Monday, April 1, 2019

Accountability Beyond the Bubble

Accountability has always been an educational buzzword, and the modern reformy era has put accountability on a high, if somewhat cockeyed pedestal. Testing? Not testing? Running test scores through models soaked in magic VAM sauce? Regular school visits, inspections and audits? Administrators and school boards that actually pay attention? A big fat stack of state and federal regulations and reports thereon? So many fun things are on the table these days.

But as with many reformy subjects, what's really being discussed is accountability for large, urban districts. Those districts face a unique set of challenges, all of which boil down to these districts just being too damn big.

That gets us models like "Filling out a bunch of paperwork that may or may not have any connection to reality" (spoiler alert-- it's "not") or "Creating and administering instruments that purport to measure something that is alleged to be a proxy for the thing we really want to measure" (spoiler alert-- it doesn't). This gets us highly politicized grandstanding as well as representative bodies that may or may not truly represent poor and powerless neighborhoods-- the very neighborhoods that need schools that have strong and responsive support.

There's a good accountability model you can find out here in rural spaces and small towns. It's the living in the community you serve model.

I taught in a small town for almost forty years; in fact, I taught at the same school from which I graduated. I live in the town, a smallish place with a steady drain on our population, but not many new folks moving into town. I cannot take a step without encountering a former classmate, student, student's parent, or student's offspring.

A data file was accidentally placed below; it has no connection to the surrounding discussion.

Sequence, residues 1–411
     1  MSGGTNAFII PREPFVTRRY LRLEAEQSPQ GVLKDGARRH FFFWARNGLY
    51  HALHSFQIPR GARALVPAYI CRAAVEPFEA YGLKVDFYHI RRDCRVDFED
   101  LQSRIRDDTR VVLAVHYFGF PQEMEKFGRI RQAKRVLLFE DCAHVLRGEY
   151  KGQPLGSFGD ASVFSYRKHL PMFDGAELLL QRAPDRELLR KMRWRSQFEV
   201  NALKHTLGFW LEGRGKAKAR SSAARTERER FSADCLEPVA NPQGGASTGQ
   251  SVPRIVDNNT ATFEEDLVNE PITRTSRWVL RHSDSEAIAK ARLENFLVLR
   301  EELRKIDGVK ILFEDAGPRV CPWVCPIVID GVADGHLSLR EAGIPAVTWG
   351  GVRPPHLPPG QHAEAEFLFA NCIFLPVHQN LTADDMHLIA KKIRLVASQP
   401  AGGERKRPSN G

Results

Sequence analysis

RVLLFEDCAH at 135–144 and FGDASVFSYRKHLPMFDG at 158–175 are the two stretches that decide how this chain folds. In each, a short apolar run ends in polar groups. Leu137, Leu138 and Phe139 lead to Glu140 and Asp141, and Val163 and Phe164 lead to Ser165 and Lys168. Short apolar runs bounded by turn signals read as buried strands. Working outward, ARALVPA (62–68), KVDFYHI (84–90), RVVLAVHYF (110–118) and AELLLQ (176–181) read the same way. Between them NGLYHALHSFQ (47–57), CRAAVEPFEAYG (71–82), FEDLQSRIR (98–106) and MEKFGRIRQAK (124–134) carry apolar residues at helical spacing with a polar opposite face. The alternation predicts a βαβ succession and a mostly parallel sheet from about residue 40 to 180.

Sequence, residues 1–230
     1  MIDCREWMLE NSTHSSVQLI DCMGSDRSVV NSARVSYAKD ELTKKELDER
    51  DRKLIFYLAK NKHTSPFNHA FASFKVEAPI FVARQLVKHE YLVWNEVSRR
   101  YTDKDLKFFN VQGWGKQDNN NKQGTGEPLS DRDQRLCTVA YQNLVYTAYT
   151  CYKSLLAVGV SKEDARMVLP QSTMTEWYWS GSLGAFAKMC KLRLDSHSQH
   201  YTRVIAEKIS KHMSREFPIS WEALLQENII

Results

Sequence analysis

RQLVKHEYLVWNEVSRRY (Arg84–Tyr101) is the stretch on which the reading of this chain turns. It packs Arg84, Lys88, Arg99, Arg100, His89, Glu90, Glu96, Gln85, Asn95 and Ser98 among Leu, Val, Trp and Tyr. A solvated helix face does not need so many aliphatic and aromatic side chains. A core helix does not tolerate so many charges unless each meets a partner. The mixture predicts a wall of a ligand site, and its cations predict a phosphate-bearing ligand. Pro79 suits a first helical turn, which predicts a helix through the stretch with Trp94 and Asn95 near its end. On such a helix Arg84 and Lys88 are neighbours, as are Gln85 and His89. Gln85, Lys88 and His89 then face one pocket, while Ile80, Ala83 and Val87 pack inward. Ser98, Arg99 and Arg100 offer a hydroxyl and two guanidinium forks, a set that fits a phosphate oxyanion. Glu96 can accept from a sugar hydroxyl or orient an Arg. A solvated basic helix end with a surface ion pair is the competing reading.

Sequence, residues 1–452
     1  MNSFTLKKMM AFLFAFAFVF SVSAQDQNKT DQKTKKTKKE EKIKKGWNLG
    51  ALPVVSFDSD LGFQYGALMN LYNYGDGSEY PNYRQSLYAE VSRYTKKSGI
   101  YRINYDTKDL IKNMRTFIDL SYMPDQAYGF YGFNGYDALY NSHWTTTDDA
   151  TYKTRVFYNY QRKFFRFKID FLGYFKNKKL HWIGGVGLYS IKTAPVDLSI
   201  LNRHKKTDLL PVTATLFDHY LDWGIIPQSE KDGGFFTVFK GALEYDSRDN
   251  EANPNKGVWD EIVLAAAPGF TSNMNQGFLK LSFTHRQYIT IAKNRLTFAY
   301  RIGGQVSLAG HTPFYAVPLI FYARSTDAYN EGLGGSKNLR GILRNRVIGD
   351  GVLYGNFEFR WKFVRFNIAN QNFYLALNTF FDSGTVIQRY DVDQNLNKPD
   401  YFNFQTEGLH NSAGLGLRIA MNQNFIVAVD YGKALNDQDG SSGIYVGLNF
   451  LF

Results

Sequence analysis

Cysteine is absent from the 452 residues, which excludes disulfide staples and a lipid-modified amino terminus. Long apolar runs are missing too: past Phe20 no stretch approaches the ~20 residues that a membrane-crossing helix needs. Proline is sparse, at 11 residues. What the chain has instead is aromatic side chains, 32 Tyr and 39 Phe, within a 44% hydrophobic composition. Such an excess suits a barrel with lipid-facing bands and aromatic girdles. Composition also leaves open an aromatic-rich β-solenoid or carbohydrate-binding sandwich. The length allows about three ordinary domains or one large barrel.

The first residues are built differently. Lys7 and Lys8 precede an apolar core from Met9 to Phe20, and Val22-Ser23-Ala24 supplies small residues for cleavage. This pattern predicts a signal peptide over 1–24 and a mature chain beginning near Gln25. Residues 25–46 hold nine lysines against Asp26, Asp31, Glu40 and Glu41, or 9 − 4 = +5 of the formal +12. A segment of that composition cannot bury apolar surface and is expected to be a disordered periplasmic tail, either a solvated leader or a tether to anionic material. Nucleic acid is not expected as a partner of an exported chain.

This has always meant a special level of accountability. If I assigned something that folks disagreed with, I could hear about it at church, in the grocery store, at a restaurant. My life in the classroom followed me immediately into the community. And I had steady long-term feedback; I knew that certain assignments were effective because students were talking to me about them ten years later. I knew that if I did it in my classroom, I should be prepared to explain it out in the world.

This is not always a comfortable model; a divorced male teacher can generate lots of stories in a small town, and when you're the president of a striking union, there is zero insulation between you and the taxpaying public. Not everyone can handle it; lots of teachers make it a point to live outside of the community where they won't have to run into students and faculty. I think that's a mistake. Many of our administrators over the past few decades have lived outside the district and it is bad for school-community relations.

A friend once told me that in management school he was told that company officials should live at least fifty miles away from the facility they supervise, so that they can make purely business decisions without thinking of their workers as, you know, real people. That strikes me as completely wrong for schools (well, businesses, too, but that's another conversation). A school should be tied to the community it serves; administrators and teachers should be familiar names and faces, just like local elected officials and community pillars. If your position is that you just want to do your job and go home, you are not someone I prefer to have teach my child. I want someone who's invested. There is no better guarantee of accountability than invested. After all-- that's the whole point of attaching high stakes to things like tests, so that teachers will feel invested in test scores. But an investment in numbers that's been forced on you is nothing like an investment in human beings and community that you make voluntarily because, well, you are a human being and you live in a community.

And if you're thinking this model is impossible for schools in big urban areas, look at this piece from a school administrator who, among other things, had her staff take regular walks through the neighborhood.

Yes, there are levels of accountability that this model might not manage. It won't fix everything and won't stop all the bad actors. But do not underestimate the power of having to stand face to face with the people whose lives your decisions effect, especially if these are people with whom you already share relationships and connections of community.

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